A base Bronco Raptor now costs $83,580.
The Ford Bronco Raptor has received yet another price hike, with the capable off-roader now costing a hefty $83,580 before options or delivery charges have been added.
This means the ultimate Bronco is now pricier than its rival from Jeep, the Wrangler Rubicon 392, which justifies its price tag with a more powerful 6.4-liter V8 engine that produces 470 horsepower and 470 lb-ft of torque. The Bronco Raptor was revealed just over a year ago and debuted with a far more palatable starting price of $68,500. If you had ordered a fully-equipped model at the time, you'd have paid just over $80,000. That's slightly less than what a bare-bones model costs right now.
A few weeks ago, the Blue Oval increased the MSRP by $2,000. While price adjustments are standard in the auto industry, the Raptor has become $15,000 more expensive in little over a year, which is bizarre.
That means the Bronco Raptor is no longer the off-roading bargain it once was. The range-topper isn't the only model affected, as the Bronco Heritage now commands $46,605 before options and destination charges. When this variant was introduced last year, it carried a base MSRP of $44,305.
Regardless of the desired trim level, Bronco customers may have to sacrifice their desired specifications due to supply chain issues. As per the 2023 Bronco configurator, there's limited availability of the entry-level "Base" model and the seven-speed manual transmission option. Production has been put on hold, so the only vehicles you'll find will likely be in dealership inventory.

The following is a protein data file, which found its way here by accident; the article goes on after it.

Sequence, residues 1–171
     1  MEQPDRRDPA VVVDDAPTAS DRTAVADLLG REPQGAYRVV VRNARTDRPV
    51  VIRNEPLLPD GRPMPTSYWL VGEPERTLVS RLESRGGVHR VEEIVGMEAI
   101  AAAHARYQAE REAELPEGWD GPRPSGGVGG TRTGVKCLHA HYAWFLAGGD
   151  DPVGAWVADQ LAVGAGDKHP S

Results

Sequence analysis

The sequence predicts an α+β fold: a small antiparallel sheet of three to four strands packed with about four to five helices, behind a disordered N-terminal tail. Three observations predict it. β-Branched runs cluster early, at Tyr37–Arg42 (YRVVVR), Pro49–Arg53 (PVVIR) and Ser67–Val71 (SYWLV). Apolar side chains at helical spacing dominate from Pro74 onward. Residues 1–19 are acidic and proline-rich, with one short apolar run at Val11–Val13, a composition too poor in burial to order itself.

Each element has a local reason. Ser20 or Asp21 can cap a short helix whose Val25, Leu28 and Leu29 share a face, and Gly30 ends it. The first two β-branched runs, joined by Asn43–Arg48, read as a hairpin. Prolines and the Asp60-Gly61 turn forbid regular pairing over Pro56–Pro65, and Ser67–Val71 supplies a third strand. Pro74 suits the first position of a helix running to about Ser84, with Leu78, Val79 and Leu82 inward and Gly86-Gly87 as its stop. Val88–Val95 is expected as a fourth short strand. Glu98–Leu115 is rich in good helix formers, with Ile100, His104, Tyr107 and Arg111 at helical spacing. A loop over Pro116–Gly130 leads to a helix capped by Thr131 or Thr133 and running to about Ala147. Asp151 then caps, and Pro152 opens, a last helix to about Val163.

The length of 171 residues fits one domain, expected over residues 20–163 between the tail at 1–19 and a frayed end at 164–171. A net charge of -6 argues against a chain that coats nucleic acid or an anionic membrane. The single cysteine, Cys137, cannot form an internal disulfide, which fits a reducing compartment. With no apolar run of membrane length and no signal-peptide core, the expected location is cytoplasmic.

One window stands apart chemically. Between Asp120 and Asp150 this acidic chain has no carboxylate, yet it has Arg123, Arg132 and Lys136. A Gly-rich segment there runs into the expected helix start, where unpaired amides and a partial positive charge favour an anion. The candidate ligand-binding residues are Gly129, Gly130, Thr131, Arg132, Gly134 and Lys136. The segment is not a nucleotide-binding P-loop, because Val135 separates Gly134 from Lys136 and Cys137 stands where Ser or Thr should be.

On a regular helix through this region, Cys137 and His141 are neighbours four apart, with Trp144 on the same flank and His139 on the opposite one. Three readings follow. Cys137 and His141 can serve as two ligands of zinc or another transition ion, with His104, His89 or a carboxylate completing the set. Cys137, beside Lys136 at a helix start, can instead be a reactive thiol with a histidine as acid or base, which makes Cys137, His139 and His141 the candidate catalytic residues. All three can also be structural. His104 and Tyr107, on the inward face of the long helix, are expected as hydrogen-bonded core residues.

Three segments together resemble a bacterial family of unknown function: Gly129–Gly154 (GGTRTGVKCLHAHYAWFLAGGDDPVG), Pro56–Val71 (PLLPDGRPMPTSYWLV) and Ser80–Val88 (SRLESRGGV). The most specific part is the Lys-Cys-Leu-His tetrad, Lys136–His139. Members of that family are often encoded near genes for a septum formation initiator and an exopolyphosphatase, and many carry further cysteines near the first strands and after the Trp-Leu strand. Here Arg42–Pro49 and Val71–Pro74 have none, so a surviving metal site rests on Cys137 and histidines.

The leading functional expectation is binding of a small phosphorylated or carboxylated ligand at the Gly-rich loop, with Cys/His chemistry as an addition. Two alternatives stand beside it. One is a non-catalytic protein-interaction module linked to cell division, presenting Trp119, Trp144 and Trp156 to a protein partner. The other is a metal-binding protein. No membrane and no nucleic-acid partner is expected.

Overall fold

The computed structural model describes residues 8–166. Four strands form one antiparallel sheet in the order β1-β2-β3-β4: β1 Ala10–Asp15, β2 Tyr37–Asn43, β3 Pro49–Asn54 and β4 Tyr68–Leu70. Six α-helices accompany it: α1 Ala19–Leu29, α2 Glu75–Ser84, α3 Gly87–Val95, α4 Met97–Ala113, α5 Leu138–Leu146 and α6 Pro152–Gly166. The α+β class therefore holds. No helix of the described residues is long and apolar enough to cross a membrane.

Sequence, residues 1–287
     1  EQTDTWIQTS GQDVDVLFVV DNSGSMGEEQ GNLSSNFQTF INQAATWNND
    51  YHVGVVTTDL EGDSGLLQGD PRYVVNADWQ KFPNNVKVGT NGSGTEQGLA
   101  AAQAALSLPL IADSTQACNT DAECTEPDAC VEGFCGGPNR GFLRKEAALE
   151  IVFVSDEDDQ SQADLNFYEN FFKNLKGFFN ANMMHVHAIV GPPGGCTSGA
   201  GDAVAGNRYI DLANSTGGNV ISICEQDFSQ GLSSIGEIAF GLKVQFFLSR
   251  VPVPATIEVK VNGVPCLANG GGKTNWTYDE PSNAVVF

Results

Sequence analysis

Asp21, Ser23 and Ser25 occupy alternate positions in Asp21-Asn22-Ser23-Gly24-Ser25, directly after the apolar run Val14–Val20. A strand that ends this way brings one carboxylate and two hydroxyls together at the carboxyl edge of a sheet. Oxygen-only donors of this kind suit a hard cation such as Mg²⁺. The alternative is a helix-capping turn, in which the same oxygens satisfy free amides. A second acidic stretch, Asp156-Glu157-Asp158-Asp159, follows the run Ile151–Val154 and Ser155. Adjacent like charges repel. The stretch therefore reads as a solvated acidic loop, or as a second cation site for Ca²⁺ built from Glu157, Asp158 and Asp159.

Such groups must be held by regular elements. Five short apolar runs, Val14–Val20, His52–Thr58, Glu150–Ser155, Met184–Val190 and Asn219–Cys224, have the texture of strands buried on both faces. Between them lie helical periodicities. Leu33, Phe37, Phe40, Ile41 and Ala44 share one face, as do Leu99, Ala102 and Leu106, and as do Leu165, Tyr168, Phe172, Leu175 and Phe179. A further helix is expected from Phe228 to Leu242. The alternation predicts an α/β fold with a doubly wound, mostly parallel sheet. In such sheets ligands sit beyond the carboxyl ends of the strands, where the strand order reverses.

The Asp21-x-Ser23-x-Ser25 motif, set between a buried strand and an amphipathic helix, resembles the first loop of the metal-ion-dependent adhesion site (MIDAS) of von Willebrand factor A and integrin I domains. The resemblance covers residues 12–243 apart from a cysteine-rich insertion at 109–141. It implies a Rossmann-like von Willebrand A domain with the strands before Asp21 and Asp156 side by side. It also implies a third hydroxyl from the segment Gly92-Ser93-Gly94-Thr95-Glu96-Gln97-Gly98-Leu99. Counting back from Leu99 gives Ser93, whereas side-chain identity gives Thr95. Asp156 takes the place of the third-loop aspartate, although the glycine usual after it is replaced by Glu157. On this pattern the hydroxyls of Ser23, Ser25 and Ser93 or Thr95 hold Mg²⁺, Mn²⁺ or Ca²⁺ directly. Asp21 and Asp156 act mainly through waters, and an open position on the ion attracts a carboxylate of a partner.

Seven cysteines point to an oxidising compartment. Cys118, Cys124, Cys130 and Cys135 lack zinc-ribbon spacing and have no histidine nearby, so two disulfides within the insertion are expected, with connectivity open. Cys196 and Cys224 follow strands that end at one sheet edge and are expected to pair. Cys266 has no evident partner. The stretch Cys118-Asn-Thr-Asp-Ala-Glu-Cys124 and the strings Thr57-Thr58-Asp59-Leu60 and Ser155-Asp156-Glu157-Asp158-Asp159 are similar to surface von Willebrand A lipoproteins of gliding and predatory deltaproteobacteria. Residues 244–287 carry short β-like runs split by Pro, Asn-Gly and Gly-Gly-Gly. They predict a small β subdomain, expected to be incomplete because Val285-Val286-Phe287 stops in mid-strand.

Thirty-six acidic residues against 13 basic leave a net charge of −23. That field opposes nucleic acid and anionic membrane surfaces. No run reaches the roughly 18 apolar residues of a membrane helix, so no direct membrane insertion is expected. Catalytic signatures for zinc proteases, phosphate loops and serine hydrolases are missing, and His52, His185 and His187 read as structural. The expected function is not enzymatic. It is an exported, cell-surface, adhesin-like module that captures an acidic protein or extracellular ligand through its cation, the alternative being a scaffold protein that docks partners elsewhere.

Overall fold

Despite being around for some time, the Bronco has remained one of the most sought-after SUVs on the market, and this has caused a few headaches for the automaker.
The Bronco Raptor isn't the only desirable Ford plagued with price hikes. The all-electric F-150 Lightning Pro (the cheapest model available) now costs $59,974. This most recent increase is the second one in 2023 and one of many since the battery-powered truck was launched.
It's shocking to think that the initial base price for the F-150 Lightning was $39,974, which means the same truck is now $20,000 more expensive than before. At the time, a Ford spokesperson said that increasing production costs were to blame. "Pricing adjustments are a normal course of business due to rising material costs, market factors, and ongoing supply chain constraints."
Sadly, we expect this trend to continue for a while, and we wouldn't be surprised if Ford's most desirable products receive even more increases this year.
Join The Discussion